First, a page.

Tutorial on Microgravity Research
page 3: Space Industry Overview
Microgravity – how is it useful?
Microgravity can be used as a special tool for a better understanding of fundamental questions and for the solution of problems on Earth. This allows to improve and to optimize physical, chemical and biological processes on Earth that are important in science, medicine, engineering and technology for all of us. Although these studies began with a purely scientific interest, results from basic research can lead to practical applications with a major industrial and economic impact, as was the case for the development of semiconductors.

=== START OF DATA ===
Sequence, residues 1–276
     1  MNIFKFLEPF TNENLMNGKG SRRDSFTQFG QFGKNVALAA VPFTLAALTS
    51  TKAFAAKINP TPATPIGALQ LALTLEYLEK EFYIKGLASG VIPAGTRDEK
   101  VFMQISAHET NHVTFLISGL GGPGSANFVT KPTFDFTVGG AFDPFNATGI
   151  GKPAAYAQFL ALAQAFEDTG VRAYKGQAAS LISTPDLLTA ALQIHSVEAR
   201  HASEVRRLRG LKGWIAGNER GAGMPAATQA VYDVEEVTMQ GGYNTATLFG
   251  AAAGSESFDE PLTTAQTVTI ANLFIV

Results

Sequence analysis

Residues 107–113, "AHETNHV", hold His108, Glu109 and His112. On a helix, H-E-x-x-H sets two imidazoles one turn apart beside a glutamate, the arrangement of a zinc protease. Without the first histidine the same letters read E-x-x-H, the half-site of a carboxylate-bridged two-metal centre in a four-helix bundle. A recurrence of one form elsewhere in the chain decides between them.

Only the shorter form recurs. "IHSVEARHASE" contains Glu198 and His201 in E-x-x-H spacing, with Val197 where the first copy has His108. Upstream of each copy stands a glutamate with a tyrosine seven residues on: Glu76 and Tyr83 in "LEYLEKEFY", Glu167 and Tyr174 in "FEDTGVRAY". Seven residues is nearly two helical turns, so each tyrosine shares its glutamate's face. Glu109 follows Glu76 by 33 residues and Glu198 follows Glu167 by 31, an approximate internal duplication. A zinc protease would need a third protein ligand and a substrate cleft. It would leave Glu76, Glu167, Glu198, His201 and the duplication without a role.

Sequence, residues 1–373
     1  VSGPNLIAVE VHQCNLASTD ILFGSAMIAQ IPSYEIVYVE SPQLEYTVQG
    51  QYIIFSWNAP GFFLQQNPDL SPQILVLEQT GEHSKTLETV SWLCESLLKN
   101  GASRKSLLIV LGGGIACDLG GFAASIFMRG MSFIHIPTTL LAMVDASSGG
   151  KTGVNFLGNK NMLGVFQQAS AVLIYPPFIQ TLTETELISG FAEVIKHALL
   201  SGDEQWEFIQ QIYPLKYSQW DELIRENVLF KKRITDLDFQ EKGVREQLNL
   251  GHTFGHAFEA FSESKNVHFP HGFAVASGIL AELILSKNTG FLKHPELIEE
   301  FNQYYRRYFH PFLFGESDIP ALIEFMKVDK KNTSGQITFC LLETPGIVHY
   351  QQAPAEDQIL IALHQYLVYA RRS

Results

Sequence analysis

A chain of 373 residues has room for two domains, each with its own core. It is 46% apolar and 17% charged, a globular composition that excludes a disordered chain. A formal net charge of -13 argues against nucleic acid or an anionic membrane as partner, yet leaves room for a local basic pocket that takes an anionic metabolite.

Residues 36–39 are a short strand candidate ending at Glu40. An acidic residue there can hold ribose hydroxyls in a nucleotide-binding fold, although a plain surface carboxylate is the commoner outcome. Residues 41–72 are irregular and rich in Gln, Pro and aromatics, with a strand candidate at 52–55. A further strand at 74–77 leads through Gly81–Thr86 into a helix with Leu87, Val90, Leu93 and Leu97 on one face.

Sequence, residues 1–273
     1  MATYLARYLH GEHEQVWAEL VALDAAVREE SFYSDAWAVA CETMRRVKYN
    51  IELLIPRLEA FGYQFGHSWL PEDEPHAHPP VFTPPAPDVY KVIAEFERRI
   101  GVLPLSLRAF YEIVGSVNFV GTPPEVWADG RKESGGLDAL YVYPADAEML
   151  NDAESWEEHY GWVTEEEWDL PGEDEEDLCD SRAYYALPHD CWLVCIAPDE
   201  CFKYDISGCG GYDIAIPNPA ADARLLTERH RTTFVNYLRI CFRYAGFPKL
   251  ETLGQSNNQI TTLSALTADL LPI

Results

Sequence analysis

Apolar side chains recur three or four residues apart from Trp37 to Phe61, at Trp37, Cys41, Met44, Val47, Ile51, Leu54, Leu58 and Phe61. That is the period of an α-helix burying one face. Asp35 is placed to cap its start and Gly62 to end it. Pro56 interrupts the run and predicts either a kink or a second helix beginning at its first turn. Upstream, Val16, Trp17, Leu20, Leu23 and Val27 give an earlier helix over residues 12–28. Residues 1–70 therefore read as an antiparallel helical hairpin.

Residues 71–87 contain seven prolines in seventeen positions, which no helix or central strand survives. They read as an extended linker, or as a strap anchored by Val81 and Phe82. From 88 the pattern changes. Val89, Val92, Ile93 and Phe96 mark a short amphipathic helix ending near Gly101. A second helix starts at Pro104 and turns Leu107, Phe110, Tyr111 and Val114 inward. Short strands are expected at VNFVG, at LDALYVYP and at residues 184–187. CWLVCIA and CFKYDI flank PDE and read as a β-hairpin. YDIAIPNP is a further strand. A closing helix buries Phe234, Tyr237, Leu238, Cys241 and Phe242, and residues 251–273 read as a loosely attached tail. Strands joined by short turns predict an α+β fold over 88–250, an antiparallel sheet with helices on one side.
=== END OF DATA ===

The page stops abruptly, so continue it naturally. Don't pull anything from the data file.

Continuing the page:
The absence of gravitational effects in a microgravity environment means, for example, that temperature differences in a fluid do not produce convection, buoyancy or sedimentation. The physical picture is thus simplified and underlying processes can be more readily observed and analyzed. The changes in fluid behavior in microgravity lie at the heart of the studies in materials science, combustion and many aspects of space biology and life sciences.
In the US, NASA's Microgravity Research Division (MRD) within the Office of Life and Microgravity Sciences and Applications (OLMSA) is responsible for a comprehensive research program encompassing five major areas: biotechnology, combustion science, fluid physics, fundamental physics, and materials science.
The total FY 2000 budget request for NASA's Office of Life and Microgravity Sciences and Applications is $256.2 million. Microgravity research accounts for $111.4 million of that total (NASA FY 2000 Budget Briefing). The budget for 1998 was $139.6 million, allocated as follows (NASA's Microgravity Research Program, 1988 Annual Report):